Take your pin brush and part the coarse, wavy fur on the hind legs to get the deep mats out. This part all depends on the dog; Piper has a relatively thin tail and very little dense fur to get tangled up back there. At the other extreme, Howard has masses of dense, coarse fur which gets matted if I don't stay on top of it. When it gets really thick in the winter I use the thinning shears on his hind legs and this makes life easier all round. You should be able to get the pin brush through the hind legs and tail without running into knots - otherwise, you have more work to do!
Finally, to make your Shetland Sheepdog look grand, run a slicker brush over the outer coat to distribute the natural oils and maintain the coat's natural luster. The overall process takes anywhere from 10 to 30 minutes depending on the time of year and how much undercoat your Sheltie is sporting.
This aspect of grooming Shelties is often overlooked, but it's really important to their health. Every few weeks, you need to tend to your Sheltie's beautiful little paws. Grab your nail clippers (or nail file) and a pair of small, sharp scissors (or a razor).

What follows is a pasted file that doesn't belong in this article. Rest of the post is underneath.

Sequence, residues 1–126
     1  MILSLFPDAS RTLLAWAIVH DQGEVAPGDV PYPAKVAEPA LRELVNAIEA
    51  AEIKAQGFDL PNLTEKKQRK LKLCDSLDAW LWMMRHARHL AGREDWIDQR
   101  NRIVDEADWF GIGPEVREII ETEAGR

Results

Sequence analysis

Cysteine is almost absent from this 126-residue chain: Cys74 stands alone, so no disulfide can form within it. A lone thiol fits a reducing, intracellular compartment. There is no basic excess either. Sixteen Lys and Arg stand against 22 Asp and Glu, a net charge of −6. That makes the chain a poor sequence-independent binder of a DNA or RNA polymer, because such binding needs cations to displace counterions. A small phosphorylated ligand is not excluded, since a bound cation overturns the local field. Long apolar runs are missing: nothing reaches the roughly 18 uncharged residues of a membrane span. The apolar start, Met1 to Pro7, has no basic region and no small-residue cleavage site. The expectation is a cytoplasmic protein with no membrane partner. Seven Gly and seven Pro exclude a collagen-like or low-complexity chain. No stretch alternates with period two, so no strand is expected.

Overgrown claws and fur
You must keep your Sheltie's toenails clipped or they'll arch the toes away from the ground, forcing him to walk further back on his paws. This is not only awkward but it puts extra strain on the tendons, causing limping and eventually arthritis.
Gently hold your Sheltie's paw up and cut the hooked part of the nail about 2mm in front of the pink quick (it's easy to see on white nails.) If you cut the quick, it causes bleeding for several minutes and can be extremely painful - so take care! When using a guillotine clipper, hold it vertically so the nail is cut straight up or down. If you hold it sideways, the nail will be clipped sideways and crushed, causing splintering. Make sure the cutting blade faces you to minimize the risk of cutting the quick.
Trimmed and clipped
With black claws, you can't see the quick, so cut it in several smaller cuts, getting closer to the quick each time. When you see a gray/pink oval in the claw, you can stop cutting as this immediately precedes the blood-lined quick. Alternatively, use a nail file to wear the nail down gradually and avoid any painful experiences.